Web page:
First impressions make a lasting impression, or so the saying goes.
Which means it’s extra important to get that first moment of meeting just right to win people over.
Here are five top tips on how to effectively build rapport in those early moments of meeting someone new, so that you can consistently get those new relationships off to the best start.
1, Make your conversation partner feel important and check your attitude at the door
Making someone feel important fosters mutual respect. Recognise your conversation partner’s unique qualities, notice the little things about them and make sure they feel you are interested in them. Bring a genuine curiosity as to what they are saying and who they are and your listener will feel valued and respected. That’s a pretty positive start. Bill Clinton was a pro at this. Making people feel important was a key reason for his success.
2. Listen up. There’s a reason why we have two ears and only one mouth…
When we give another person our attention, it tells them they are worth our time and energy. Listening is an important skill, and striking the right balance between sharing our own experiences and fully attentive listening is crucial. In fact, it can make the difference between the speaker shutting down or you forming a connection with them that can flourish and grow in all sorts of directions.
3. Get active
When we use positive non-verbal behaviour, we actively listen, and can instill a level of trust and confidence in our conversation partner, encouraging them to open up and become more receptive to what you have to say.
Good eye contact demonstrates that your attention and your interest is directed at them. Let your eyebrows move, and your eyes widen if you hear something particularly interesting or surprising. A simple nod with a slight smile or lift of the eyes, or the use of little affirmative sounds, for example, ‘uh huh’, ‘yeah’ and ‘really?’, can also be powerful tools for rapport building. Whilst you’re at it, face the individual where possible with your full body, showing that you’re offering your full attention.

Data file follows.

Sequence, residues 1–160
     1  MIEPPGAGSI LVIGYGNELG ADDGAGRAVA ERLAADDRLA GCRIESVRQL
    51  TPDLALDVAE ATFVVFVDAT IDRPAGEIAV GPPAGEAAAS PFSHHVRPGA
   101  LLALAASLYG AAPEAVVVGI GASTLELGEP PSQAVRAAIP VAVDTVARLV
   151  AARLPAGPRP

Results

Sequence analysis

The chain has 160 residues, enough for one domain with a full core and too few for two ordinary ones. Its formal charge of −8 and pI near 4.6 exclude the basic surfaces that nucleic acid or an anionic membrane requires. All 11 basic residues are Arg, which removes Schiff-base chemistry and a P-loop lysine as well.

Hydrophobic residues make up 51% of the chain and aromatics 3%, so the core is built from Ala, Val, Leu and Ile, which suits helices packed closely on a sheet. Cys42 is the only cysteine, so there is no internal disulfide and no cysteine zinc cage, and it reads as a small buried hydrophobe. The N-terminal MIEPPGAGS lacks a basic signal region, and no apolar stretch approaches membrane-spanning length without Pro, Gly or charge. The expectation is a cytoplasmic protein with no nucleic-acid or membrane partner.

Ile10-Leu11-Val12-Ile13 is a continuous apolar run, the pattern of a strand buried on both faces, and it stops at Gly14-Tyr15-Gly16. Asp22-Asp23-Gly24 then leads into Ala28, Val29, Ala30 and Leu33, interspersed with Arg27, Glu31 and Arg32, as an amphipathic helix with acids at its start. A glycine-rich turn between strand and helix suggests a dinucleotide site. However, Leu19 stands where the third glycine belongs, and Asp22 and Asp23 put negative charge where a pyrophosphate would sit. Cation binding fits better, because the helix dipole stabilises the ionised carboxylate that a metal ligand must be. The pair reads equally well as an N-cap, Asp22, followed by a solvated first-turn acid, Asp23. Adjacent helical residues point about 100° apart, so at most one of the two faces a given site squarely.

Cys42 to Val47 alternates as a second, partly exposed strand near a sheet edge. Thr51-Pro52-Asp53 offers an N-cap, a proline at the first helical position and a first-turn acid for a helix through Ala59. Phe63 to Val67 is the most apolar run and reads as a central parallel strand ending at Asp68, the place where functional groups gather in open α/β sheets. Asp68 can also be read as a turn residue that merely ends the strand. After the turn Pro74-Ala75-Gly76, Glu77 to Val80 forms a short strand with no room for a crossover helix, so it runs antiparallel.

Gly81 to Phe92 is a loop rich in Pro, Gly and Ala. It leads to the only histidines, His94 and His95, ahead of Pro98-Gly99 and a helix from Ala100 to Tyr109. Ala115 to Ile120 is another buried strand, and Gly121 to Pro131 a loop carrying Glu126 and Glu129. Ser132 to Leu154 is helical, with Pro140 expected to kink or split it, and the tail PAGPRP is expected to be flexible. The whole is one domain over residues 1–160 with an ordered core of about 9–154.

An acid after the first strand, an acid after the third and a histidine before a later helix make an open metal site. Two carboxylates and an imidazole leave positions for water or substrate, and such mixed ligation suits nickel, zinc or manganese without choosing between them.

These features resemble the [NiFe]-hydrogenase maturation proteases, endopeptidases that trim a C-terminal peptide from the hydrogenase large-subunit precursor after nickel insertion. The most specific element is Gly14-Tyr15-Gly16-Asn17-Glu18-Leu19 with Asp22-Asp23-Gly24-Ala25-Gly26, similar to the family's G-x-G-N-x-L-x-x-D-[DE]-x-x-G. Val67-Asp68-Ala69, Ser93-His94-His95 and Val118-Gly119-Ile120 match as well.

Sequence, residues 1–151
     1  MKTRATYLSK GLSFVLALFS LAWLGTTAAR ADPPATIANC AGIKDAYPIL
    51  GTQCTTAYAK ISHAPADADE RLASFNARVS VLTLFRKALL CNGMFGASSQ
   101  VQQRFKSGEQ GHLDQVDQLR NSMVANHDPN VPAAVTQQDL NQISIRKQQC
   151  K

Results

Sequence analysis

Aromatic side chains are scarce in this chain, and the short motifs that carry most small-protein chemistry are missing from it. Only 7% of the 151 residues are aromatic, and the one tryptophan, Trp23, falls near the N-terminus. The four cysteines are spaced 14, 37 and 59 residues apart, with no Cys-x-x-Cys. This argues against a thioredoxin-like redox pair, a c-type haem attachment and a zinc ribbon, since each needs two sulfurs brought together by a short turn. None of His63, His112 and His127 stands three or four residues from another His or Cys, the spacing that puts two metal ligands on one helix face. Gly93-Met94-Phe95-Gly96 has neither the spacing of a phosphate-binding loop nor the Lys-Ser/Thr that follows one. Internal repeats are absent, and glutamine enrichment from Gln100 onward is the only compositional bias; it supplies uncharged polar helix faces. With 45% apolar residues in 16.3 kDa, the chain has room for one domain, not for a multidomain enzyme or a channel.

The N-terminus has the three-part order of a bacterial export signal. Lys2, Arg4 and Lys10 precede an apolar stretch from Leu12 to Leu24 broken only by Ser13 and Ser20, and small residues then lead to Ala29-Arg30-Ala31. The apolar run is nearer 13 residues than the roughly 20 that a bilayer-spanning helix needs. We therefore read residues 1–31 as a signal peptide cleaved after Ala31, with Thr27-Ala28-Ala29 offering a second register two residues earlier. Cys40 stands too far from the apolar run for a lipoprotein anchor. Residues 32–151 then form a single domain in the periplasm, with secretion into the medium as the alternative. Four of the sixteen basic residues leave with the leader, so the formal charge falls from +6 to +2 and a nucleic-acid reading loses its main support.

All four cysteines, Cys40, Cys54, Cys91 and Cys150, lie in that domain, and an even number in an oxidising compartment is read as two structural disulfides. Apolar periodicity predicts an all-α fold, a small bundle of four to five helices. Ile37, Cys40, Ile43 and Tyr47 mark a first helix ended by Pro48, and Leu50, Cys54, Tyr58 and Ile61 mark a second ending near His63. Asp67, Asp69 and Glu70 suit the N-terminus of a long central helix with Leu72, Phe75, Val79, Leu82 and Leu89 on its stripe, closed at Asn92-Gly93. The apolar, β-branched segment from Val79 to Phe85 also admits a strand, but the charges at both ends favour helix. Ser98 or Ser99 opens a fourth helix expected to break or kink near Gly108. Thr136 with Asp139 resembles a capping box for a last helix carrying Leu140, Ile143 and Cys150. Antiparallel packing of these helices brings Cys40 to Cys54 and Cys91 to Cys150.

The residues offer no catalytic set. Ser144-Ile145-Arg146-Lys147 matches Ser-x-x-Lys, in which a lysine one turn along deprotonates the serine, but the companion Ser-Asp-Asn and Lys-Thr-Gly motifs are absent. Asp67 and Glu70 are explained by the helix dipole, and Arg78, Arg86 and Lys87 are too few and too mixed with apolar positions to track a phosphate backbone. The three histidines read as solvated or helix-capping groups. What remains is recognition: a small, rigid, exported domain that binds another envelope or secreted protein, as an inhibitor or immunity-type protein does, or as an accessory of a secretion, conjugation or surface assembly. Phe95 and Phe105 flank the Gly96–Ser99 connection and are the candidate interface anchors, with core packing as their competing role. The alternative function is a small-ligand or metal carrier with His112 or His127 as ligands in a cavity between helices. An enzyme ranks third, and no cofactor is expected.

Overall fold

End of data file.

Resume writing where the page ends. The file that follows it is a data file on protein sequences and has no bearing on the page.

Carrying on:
4. Finding out more
Questions are also essential in terms of building rapport, as a genuine question requires an answer from the other person, instantly forming a relationship, and again denotes interest. Try using a combination of open, focused and paraphrased questions to keep the conversation rolling. Open questions leave the individual space to talk. Focused questions help to get to the nitty gritty of it, usually requiring a single word answer or a simple phrase. Paraphrasing questions help to make sure you understood correctly, and show you are listening actively.
5. Charm the birds from the trees
Use your voice, body language and smile to add that je ne sais quoi element, ‘charm’.
Fill your voice with warmth and let your eyes and voice light up with a genuine smile. Speak a little slower and really talk to them. If you ask a question, even like ‘how are you?’ listen for the response. They will feel your attention and flourish. Let your body language be open and relaxed, and gently mirror theirs. No crossed arms here.
As you can see, there is an awful lot that goes into making that good first impression, but with time and practice, these behaviours will become second nature, and your contact book will be fit to burst.
About the author
Emma Serlin is the founder and director of LondonSpeech Workshop and author of The Connection Book. Emma’s expertise is based on bringing together the performance side of communication (she is a trained actor and an award winning theatre director) and the psychological side of communication. She has an MSc in psychology, is a trained life coach, and also has training as a psychotherapist.
To hear more from Emma, listen to this week’s podcast – LID Radio episode 54.